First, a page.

MICHAEL Hornby, who campaigned tirelessly for improved road safety after the death of his twin five-year-old girls in an accident at Woombye in 2009, succumbed to cancer while receiving treatment in hospital yesterday.
The Gourmet Garden systems controller stopped driving himself immediately after being told recently that the cancer in his neck had spread to his brain.
After the death of his girls Grace and Jessica, Mr Hornby launched a Road Smart Day, which aimed to improve road safety in Queensland.
He campaigned for the government to introduce double demerit points at peak holiday times - a strategy that was in place this past Australia Day weekend.
About two years ago, his brother died in a trucking accident.
Mr Hornby became a member of Road Trauma Services Queensland, established in 2002 to provide free confidential counselling services to those affected by road trauma.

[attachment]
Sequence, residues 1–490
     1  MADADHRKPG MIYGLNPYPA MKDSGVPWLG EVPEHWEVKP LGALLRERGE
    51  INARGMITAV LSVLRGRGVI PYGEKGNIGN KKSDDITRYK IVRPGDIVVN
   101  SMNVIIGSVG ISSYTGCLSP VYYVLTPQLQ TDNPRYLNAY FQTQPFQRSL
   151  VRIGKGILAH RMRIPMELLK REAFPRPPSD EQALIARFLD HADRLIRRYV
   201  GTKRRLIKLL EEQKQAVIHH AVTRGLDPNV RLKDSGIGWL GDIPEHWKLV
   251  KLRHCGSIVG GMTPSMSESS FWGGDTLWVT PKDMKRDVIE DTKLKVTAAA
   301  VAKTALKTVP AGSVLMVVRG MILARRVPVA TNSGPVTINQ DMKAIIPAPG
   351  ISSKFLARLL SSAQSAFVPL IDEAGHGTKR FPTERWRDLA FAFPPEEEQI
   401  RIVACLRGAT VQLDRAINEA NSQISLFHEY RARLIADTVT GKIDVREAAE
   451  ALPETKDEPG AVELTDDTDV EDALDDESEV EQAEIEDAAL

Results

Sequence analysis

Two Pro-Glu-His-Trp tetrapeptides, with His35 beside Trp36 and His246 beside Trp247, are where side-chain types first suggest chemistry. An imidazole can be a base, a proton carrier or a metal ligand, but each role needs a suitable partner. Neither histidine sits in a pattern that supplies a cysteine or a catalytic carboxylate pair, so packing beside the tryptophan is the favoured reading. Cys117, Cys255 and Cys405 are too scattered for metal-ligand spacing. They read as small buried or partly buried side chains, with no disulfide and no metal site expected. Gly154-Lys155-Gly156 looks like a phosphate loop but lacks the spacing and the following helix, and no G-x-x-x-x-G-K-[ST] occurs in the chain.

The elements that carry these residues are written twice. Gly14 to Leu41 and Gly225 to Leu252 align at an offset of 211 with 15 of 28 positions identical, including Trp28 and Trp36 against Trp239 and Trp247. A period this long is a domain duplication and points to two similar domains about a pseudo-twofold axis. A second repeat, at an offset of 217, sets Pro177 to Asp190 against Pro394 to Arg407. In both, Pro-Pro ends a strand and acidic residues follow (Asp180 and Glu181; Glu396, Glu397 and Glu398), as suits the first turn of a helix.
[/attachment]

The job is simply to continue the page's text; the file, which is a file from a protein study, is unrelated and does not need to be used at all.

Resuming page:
He was tireless in his support of two nurse whistleblowers who raised allegations about the treatment given to mental health patients at Sunshine Coast Private Hospital by two psychiatrists.
Mr Hornby became involved when it was found that the driver of the vehicle that crashed at night, without lights, into the car carrying his daughters and his mother-in-law, Denise Mansell, had been prescribed a cocktail of drugs by one of the psychiatrists. Known as "Huck" to his mates, Mr Hornby was a passionate supporter of the NSW State of Origin team.
Even after he became aware of the extent of his condition 10 days ago, he declared "things not good mate, but there's fight in this Blues boy yet".
On New Year's Eve he texted friends "to have fun and take care, love you all".
He is survived by his wife Kelly and daughters Caitlin and Alice.